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Title: Vision-based patient wellness monitoring using facial cues
Authors: Sathyanarayana, Supriya
Keywords: DRNTU::Engineering::Computer science and engineering::Computing methodologies::Image processing and computer vision
Issue Date: 2017
Source: Sathyanarayana, S. (2017). Vision-based patient wellness monitoring using facial cues. Doctoral thesis, Nanyang Technological University, Singapore.
Abstract: Patient monitoring systems (PMS) are gaining importance considering the increasing demand for wellness monitoring at affordable costs. Vision-based PMS using CMOS cameras are being increasingly explored due to their low-cost and passive sensing capabilities. In this thesis, computationally efficient techniques for extracting facial features such as eyes, mouth and brow furrows as well as an integrated framework for a vision based PMS have been proposed. Noting that eyebrow is a stable facial feature, a compute-efficient technique for eyebrow detection has been proposed to help localize other facial features. An iterative thresholding method was proposed for the efficient extraction of the eyebrow edges. Evaluation on standard databases shows a high detection rate of 96% and robustness to variation in ethnicities, expressions, illumination and presence of partial occlusions. Computational savings of 35% was achieved compared to a state-of-the-art method. Next, eyebrows were relied upon as anchor points for the efficient detection of eyeball and eye-state. The proposed technique for eyeball detection relies on the local intensity variations within the eye while the eyeball position together with inter-feature distances were used to classify eye state as - open, closed or partially-open. The proposed eye state detection method achieves a recall and precision of 91% and 96% respectively, when evaluated on the proposed WellCam database and results in significant cost savings compared to existing techniques. The temporal analysis of eye state and eyeball position was then performed for the efficient extraction of the wellness indicators: eye blink, eye state over time and eyeball movement. The average mean accuracy of blink detection when evaluated on two standard databases was 98.8%. Eye-state-over-time and eyeball movement were evaluated using the proposed WellCam database. The eye-state-over-time achieves a recall and precision of 98.2% and 97% respectively. The technique proposed for the robust detection of the mouth state as open and closed relies on the efficient detection of the upper and lower lip positions and the analysis of the region between them. In addition, computations were restricted to vertical cross-sections of the mouth for drastically collapsing the complexity, leading to significant computational savings compared to existing techniques. The technique achieves an accuracy as high as 95% when evaluated on standard databases and is shown to be invariant to changes in facial expressions and ethnicities. Temporal analysis of mouth state has enabled the extraction of the wellness indicators such as ‘mouth kept open’, ‘yawning’ and ‘talking’. Evaluation of the yawning detection method on the YawDD database confirms a perfect detection rate (i.e. 100%). Noting that the existing techniques for detecting brow furrow features typically rely on a compute-intensive detection of brow lowering actions, a technique to directly extract and analyse brow furrows has been proposed in this thesis. A selective method for extracting brow furrow edges against surrounding noise was also incorporated to improve the average precision and recall to 92% and 91% respectively. In order to lower the compute complexity of the conventional face detection technique deployed in this work, a search space reduction technique has been proposed to limit the regions being investigated. The proposed method relies on the head and shoulder curves, which were extracted using a block based analysis for improved compute efficiency. An average reduction in search space of 70% is achieved. The computational complexity is reduced by 34%, if a worst case of 50% reduction in search space is considered, compared to the entire image. The wellness indicators such as eye state, eyeball movement, blink, mouth kept open, yawning, talking and brow furrows were finally integrated into a framework to determine the wellness state to be one of - asleep, awake, drowsy, inactive and discomfort. Past history of the wellness state over a period of time was also incorporated to generate a wellness profile, which is then used to assess the condition of the patient relative to an initial state. A confidence measure, based on the intensity and persistence of the wellness indicators, has been incorporated to accommodate situations in which not all relevant wellness indicators were present. The system is also capable of generating triggers in the event the patient's state drifts towards a threshold set by the doctor for notifications of improvement or worsening of patient’s condition. Finally, the major contributions in this thesis have paved way for propelling further research in this emerging area of interest, and for realizing an affordable vision-based patient wellness monitoring that can eventually lead to mass volume adoption.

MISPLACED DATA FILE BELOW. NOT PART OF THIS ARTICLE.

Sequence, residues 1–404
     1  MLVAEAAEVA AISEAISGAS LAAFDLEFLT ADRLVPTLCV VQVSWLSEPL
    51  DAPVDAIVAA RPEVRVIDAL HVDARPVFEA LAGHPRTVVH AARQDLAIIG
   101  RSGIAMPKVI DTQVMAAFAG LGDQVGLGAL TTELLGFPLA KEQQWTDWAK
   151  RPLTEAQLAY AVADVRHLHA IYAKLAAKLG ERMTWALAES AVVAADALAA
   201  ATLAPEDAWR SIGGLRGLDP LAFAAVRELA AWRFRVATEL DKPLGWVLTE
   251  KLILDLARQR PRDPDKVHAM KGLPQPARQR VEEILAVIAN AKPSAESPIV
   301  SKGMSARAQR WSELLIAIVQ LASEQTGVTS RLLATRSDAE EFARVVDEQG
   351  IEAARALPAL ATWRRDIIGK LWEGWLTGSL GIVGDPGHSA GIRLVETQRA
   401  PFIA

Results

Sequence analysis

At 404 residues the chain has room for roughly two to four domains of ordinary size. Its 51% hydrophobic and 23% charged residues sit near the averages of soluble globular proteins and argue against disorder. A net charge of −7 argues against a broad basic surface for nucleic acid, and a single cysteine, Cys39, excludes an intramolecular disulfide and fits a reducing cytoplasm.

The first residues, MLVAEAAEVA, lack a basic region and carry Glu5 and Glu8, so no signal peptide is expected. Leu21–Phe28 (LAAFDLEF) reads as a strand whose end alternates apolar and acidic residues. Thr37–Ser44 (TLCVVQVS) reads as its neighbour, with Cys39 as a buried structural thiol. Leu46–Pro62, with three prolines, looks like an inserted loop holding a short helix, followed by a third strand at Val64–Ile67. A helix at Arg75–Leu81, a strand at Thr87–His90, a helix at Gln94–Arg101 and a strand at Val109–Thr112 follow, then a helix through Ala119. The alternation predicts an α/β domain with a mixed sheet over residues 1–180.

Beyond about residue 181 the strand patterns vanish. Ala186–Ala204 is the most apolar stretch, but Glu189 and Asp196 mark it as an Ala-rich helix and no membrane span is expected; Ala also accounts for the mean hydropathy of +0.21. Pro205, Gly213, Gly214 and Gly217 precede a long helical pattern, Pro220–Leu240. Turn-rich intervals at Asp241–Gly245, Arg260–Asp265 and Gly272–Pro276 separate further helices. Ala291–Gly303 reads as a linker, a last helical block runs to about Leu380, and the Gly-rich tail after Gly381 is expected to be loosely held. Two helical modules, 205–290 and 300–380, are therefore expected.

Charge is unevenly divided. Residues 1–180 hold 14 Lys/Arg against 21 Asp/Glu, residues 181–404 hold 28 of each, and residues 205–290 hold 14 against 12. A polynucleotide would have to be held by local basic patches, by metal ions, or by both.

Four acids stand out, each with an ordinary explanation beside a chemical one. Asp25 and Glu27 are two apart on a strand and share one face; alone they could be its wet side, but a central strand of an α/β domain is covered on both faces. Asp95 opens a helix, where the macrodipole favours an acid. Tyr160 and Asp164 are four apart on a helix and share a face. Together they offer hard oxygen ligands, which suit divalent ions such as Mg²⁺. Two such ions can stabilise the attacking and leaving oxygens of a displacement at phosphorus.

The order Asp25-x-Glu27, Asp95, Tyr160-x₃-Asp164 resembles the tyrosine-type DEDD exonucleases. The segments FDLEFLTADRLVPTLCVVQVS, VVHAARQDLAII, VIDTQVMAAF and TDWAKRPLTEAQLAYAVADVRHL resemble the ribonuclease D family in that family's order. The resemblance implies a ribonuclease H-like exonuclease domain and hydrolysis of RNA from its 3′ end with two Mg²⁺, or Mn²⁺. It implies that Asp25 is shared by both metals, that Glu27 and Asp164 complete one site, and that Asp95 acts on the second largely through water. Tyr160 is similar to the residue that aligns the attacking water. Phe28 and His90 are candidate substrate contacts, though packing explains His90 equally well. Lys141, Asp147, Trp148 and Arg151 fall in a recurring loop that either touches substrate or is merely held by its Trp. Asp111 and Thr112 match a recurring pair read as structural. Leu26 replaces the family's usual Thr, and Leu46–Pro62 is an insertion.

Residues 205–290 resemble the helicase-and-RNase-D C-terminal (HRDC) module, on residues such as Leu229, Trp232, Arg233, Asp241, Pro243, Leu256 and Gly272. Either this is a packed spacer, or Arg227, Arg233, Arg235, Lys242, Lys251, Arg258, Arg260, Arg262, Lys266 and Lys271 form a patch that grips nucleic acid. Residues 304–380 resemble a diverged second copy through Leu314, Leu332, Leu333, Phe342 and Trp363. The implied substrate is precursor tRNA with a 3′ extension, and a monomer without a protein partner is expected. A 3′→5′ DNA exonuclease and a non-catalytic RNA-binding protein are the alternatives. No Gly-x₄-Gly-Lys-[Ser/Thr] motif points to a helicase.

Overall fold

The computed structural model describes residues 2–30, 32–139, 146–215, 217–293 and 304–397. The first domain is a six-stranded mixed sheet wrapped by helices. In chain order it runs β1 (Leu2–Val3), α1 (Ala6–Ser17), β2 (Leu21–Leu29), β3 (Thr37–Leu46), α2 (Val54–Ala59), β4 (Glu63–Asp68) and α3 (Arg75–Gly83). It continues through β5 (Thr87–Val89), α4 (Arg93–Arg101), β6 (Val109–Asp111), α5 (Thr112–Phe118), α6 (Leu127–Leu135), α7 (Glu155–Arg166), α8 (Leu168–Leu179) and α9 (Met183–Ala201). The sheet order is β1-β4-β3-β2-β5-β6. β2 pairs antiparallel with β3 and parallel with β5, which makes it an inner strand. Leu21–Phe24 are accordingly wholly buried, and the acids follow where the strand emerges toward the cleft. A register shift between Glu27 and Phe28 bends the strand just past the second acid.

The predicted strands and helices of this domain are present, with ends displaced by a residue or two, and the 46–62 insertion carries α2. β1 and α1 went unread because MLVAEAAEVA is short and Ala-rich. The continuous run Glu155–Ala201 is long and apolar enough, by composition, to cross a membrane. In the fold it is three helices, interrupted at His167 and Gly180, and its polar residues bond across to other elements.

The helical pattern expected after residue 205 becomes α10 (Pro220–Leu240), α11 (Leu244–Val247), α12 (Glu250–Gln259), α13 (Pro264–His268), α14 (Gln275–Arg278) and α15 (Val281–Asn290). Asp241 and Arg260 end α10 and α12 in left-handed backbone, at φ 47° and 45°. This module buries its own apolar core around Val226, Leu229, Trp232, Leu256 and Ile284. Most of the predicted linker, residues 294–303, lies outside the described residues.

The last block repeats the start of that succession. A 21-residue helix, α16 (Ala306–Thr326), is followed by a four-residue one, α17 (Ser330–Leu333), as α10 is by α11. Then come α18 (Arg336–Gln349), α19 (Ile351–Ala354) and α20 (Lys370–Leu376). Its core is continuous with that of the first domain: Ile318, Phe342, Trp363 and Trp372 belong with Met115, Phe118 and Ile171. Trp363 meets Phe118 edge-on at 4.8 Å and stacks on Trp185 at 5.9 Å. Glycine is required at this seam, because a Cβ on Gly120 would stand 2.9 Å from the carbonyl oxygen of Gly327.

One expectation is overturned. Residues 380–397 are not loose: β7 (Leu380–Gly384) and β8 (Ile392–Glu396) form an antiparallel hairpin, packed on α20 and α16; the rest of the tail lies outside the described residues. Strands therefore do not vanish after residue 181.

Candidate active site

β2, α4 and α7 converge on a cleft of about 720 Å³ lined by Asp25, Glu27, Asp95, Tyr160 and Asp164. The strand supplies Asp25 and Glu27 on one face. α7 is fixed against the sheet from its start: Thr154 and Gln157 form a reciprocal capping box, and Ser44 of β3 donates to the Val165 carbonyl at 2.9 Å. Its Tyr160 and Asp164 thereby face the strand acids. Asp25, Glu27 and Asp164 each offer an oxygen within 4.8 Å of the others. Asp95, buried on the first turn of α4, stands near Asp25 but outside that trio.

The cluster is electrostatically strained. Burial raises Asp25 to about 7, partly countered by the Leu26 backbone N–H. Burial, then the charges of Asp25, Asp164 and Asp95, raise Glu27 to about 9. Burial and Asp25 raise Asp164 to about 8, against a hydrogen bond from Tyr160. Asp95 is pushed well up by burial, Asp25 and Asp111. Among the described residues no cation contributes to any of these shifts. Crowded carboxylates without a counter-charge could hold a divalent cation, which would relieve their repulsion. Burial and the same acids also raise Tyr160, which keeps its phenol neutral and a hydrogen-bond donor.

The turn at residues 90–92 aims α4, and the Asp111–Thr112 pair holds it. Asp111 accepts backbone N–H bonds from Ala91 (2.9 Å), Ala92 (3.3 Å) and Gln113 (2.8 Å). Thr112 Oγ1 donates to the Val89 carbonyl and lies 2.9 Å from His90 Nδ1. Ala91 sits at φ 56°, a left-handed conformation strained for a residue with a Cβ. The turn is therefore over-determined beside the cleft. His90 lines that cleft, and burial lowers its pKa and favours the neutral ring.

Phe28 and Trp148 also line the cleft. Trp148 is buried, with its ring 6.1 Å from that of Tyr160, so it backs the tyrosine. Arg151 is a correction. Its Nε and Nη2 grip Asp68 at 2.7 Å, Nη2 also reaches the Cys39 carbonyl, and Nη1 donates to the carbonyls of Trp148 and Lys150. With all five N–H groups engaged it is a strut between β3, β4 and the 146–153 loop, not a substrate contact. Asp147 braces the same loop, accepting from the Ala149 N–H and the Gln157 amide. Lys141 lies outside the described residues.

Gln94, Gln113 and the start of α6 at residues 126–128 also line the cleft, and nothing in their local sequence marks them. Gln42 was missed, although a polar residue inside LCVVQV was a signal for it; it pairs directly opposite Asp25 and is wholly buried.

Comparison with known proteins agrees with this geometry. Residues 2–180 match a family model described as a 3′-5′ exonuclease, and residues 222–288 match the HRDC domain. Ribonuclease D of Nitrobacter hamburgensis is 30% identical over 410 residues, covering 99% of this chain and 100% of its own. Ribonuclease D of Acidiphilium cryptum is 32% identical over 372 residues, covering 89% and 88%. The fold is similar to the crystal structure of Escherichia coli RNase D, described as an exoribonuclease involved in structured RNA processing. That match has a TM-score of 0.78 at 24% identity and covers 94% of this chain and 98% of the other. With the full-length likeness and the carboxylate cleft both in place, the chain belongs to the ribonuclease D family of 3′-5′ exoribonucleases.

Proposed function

DOI: 10.32657/10356/72179
Fulltext Permission: open
Fulltext Availability: With Fulltext
Appears in Collections:SCSE Theses

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